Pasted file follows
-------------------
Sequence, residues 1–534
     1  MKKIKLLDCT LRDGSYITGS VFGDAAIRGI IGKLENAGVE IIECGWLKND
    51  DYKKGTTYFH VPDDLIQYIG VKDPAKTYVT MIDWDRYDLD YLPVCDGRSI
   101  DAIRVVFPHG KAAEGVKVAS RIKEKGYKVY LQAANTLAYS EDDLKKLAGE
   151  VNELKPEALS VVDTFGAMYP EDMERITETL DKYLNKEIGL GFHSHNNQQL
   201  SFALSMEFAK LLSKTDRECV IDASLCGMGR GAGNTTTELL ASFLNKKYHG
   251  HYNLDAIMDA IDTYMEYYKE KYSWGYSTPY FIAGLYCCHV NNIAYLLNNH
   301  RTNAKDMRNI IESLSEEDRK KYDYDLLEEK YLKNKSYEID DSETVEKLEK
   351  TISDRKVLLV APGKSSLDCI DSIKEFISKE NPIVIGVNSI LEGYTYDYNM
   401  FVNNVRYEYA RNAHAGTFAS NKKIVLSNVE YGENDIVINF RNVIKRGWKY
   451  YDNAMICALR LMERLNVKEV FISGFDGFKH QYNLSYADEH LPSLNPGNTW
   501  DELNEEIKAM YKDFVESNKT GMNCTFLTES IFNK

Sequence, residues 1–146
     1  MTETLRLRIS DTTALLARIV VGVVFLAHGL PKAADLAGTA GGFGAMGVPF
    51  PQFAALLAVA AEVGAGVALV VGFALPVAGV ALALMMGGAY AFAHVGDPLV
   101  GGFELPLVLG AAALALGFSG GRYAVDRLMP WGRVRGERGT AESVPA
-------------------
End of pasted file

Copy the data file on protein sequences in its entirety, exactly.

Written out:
Sequence, residues 1–534
     1  MKKIKLLDCT LRDGSYITGS VFGDAAIRGI IGKLENAGVE IIECGWLKND
    51  DYKKGTTYFH VPDDLIQYIG VKDPAKTYVT MIDWDRYDLD YLPVCDGRSI
   101  DAIRVVFPHG KAAEGVKVAS RIKEKGYKVY LQAANTLAYS EDDLKKLAGE
   151  VNELKPEALS VVDTFGAMYP EDMERITETL DKYLNKEIGL GFHSHNNQQL
   201  SFALSMEFAK LLSKTDRECV IDASLCGMGR GAGNTTTELL ASFLNKKYHG
   251  HYNLDAIMDA IDTYMEYYKE KYSWGYSTPY FIAGLYCCHV NNIAYLLNNH
   301  RTNAKDMRNI IESLSEEDRK KYDYDLLEEK YLKNKSYEID DSETVEKLEK
   351  TISDRKVLLV APGKSSLDCI DSIKEFISKE NPIVIGVNSI LEGYTYDYNM
   401  FVNNVRYEYA RNAHAGTFAS NKKIVLSNVE YGENDIVINF RNVIKRGWKY
   451  YDNAMICALR LMERLNVKEV FISGFDGFKH QYNLSYADEH LPSLNPGNTW
   501  DELNEEIKAM YKDFVESNKT GMNCTFLTES IFNK

Sequence, residues 1–146
     1  MTETLRLRIS DTTALLARIV VGVVFLAHGL PKAADLAGTA GGFGAMGVPF
    51  PQFAALLAVA AEVGAGVALV VGFALPVAGV ALALMMGGAY AFAHVGDPLV
   101  GGFELPLVLG AAALALGFSG GRYAVDRLMP WGRVRGERGT AESVPA